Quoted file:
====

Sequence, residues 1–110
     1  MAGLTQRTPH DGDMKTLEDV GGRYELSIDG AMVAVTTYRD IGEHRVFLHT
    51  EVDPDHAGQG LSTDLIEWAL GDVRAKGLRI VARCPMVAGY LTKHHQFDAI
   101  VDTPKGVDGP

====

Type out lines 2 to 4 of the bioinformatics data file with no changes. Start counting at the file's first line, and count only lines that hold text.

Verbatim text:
     1  MAGLTQRTPH DGDMKTLEDV GGRYELSIDG AMVAVTTYRD IGEHRVFLHT
    51  EVDPDHAGQG LSTDLIEWAL GDVRAKGLRI VARCPMVAGY LTKHHQFDAI
   101  VDTPKGVDGP